Ready, set…hike!

Market expectations for an interest rate hike after the Federal Reserve’s (Fed) June 13-14, 2017 meeting have reached 100%, as measured by Bloomberg’s World Interest Rate Probabilities. Just two months ago, the day after the Fed raised rates at its March 14-15 meeting; market-implied expectations of a rate hike at its June meeting were at 53%, per Bloomberg’s measure. What has changed to cause this quick jump in expectations?

The Federal Open Market Committee (FOMC) has emphasized in recent years that policy decisions are data dependent, meaning data related to jobs and inflation are key to its decision-making process to fulfill its mandate of maximum employment and price stability.

  • March CPI data: Inflation data for March 2017 were broadly disappointing, which led rate hike expectations for June to fall to as low as 44% in April, as the chart below shows.
  • French elections: Expectations recovered during the next few weeks, but the catalyst for a significant move higher was the first round of French elections on April 23, 2017. President-elect Emmanuel Macron’s victory reduced the potential for France to leave the European Union. This market-friendly result pushed rate hike expectations for June back up to 70%.
  • May FOMC meeting: After the committee viewed recent weak economic data as transitory, rate hike expectations subsequently rose to 94%.
  • April Employment report: Last Friday’s above-consensus jobs report was enough to push expectations to 100%.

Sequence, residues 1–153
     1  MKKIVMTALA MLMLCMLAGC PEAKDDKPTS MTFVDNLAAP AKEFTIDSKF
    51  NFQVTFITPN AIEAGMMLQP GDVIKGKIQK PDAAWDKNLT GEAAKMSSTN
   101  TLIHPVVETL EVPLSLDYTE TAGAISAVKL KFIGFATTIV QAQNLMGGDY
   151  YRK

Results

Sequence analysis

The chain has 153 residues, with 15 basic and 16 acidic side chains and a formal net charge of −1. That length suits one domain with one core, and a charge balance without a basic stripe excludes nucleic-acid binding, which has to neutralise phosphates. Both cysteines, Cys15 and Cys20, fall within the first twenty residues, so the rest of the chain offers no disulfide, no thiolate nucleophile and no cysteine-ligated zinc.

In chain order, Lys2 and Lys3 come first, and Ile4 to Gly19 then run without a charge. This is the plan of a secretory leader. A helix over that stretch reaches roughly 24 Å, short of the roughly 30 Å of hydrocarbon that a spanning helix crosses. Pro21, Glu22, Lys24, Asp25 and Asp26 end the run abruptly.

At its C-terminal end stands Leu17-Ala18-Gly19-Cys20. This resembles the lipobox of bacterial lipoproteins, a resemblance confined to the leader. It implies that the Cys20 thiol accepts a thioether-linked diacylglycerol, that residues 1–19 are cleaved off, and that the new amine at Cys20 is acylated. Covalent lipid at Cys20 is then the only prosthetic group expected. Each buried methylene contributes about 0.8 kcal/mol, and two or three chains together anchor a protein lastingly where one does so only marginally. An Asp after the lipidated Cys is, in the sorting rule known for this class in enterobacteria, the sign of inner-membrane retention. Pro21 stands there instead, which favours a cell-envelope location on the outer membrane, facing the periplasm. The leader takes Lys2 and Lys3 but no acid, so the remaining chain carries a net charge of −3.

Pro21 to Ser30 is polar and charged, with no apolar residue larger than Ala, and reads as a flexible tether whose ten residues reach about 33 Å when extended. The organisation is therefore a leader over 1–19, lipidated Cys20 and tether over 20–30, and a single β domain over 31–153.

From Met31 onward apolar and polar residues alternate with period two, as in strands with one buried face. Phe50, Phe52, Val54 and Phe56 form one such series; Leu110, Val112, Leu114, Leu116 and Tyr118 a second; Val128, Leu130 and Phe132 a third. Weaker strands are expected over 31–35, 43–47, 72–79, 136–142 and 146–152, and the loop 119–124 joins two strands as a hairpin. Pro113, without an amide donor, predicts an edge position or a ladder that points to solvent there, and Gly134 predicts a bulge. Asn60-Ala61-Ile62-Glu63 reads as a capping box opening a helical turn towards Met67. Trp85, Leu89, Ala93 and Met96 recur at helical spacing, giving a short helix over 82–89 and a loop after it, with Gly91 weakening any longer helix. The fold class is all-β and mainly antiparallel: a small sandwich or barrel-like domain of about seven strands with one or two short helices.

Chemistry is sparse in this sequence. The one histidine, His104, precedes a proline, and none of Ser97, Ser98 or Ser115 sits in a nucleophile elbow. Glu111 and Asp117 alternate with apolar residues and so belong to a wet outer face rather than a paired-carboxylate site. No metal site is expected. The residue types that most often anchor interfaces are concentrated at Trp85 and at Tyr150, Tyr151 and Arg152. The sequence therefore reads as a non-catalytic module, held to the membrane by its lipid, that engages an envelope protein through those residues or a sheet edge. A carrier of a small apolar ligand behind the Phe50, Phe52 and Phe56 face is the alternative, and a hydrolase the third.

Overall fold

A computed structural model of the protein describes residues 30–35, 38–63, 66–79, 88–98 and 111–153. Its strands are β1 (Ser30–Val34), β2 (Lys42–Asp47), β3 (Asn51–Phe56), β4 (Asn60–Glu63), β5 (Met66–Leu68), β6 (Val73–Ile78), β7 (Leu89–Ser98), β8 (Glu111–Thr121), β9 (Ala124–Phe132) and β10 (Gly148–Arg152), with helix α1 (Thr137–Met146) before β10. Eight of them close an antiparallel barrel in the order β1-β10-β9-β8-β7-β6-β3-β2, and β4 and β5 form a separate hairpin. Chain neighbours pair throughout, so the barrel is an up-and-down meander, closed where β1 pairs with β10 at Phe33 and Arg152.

With more than a month to go before the Fed’s next meeting, market expectations could still change, but the Fed ultimately makes the decision, not the market. However, the markets don’t like surprises, and the Fed doesn’t like to surprise the markets.


The economic forecasts set forth in the presentation may not develop as predicted.

The opinions voiced in this material are for general information only and are not intended to provide or be construed as providing specific investment advice or recommendations for any individual security.

The Federal Open Market Committee (FOMC) is the branch of the Federal Reserve Board that determines the direction of monetary policy. The eleven-person FOMC is composed of the seven-member board of governors, and the five Federal Reserve Bank presidents. The president of the Federal Reserve Bank of New York serves continuously, while the presidents of the other regional Federal Reserve Banks rotate their service in one-year terms.

This research material has been prepared by LPL Financial LLC.

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